• FIG. 3 is a block diagram showing an illustrative environment 300 for monitoring network connectivity associated with internet service providers including multiple nodes. The environment 300 may include a network 302, which may be the same or similar to the network 102/202, that is operated by a wireless service provider or other telecommunications service provider and one or more other networks coupled to network 302, such as the Internet 304, which may be the same or similar to the Internet 104/204. The environment 300 is illustrated in simplified form and may include many more components. In some cases, a diagnostic server 306, which may be the same or similar to the diagnostic server 106/206, configured to facilitate monitoring of the network 302, the internet 304, and/or to communicate with a user.
  • In some examples, the diagnostic sever 306 may be configured to monitor a connection status of one or more devices, such as an appliance 308. For example, the diagnostic server 306 may be in communication with the appliance 308 via a Wi-Fi connection and/or an ethernet connection and configured to monitor a connection status that the appliance 308 has with the network 302 and/or the internet 304. In some cases, the connection status may be reported to a user, such as an owner of the appliance 308 and/or a manufacturer of the appliance 308. For example, a client 310 may monitor a connection status of the appliance 308 via one or more interfaces, such as an application programming interface (API) provided to the client 310 via the diagnostic server 306. The diagnostic server 306 may monitor a connection status of the appliance 308 via the methods discussed herein (e.g., pinging routers, switchers, ISP equipment, etc.) and report the connection status to the network 302 and/or the internet 304 to the client 310.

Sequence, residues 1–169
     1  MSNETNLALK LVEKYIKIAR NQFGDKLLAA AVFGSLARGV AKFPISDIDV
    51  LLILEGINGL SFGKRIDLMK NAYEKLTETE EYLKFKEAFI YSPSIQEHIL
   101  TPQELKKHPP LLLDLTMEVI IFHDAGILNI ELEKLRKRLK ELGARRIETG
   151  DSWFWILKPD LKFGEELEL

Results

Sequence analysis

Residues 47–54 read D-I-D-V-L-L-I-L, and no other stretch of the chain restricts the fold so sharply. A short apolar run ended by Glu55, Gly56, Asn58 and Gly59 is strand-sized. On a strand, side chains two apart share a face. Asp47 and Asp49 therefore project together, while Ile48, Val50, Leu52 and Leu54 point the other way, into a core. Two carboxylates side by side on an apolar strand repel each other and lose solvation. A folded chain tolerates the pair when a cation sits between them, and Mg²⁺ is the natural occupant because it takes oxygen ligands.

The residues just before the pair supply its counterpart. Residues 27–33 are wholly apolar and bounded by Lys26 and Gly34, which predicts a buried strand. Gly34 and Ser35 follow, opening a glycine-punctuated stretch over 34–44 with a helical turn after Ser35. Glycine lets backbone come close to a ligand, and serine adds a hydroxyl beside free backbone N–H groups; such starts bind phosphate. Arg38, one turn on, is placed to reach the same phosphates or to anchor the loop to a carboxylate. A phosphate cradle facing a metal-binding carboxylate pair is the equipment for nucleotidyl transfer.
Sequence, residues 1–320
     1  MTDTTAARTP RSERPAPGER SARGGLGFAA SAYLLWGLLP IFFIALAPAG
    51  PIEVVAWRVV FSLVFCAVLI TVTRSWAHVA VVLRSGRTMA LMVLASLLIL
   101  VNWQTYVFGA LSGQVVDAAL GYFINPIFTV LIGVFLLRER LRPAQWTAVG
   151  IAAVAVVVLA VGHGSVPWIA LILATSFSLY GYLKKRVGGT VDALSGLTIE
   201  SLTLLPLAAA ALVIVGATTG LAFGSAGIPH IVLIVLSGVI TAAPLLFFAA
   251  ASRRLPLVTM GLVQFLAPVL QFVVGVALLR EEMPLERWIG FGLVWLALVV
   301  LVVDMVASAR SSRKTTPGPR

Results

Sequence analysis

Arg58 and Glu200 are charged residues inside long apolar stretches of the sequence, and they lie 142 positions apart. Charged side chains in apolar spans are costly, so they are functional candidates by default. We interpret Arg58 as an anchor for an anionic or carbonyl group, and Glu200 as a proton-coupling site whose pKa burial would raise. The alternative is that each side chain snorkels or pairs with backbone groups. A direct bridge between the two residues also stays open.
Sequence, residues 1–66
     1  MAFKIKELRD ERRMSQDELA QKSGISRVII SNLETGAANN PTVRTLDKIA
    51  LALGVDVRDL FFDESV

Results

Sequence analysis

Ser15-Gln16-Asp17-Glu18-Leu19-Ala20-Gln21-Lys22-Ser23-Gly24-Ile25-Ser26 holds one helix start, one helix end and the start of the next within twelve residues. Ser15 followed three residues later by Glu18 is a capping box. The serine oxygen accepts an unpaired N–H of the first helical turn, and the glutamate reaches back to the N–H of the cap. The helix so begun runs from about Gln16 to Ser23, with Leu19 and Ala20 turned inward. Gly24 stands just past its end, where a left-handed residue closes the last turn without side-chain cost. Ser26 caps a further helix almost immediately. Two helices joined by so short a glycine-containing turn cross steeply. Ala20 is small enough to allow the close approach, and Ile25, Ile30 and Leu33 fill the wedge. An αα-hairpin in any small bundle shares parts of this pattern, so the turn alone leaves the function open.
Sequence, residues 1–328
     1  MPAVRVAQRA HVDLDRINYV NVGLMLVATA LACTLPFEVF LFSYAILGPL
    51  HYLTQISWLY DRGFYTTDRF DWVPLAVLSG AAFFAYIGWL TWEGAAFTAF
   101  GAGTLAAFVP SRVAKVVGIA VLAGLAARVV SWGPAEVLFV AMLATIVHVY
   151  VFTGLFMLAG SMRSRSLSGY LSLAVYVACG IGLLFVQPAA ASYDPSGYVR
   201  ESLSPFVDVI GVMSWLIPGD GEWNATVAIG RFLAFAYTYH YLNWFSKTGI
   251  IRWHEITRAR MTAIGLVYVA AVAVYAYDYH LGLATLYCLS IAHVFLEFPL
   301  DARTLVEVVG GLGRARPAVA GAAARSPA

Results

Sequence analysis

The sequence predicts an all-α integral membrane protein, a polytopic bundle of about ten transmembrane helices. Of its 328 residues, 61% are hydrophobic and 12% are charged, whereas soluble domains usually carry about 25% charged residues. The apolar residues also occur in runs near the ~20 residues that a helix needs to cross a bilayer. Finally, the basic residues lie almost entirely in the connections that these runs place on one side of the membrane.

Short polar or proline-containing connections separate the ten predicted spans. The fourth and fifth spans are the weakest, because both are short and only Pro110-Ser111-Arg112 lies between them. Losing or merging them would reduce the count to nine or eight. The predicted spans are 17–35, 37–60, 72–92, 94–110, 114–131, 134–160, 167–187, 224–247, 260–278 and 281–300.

• In some cases, the diagnostic server 306 may enable an entity, such as a school worker and/or an employer, to monitor a connection status of a router at a user's remote location when the user is a student of the school worker and/or an employee of an employer. For example, the diagnostic server 306 may be in communication with a router 312 and/or an ISP equipment 314 via a Wi-Fi connection and/or an ethernet connection and configured to monitor a connection status that the router 312 and/or an ISP equipment 314 has with the network 302 and/or the Internet 304. In some cases, the connection status may be reported to a user, such as a school employee and/or an employer. For example, a client 316 may monitor a connection status of the router 312 and/or an ISP equipment 314 via one or more interfaces, such as an application programming interface (API) provided to the client 316 via the diagnostic server 306. The diagnostic server 306 may monitor a connection status of the router 312 and/or an ISP equipment 314 via the methods discussed herein (e.g., pinging routers, switchers, ISP equipment, etc.) and report the connection status to the network 302 and/or the internet 304 to the client 316.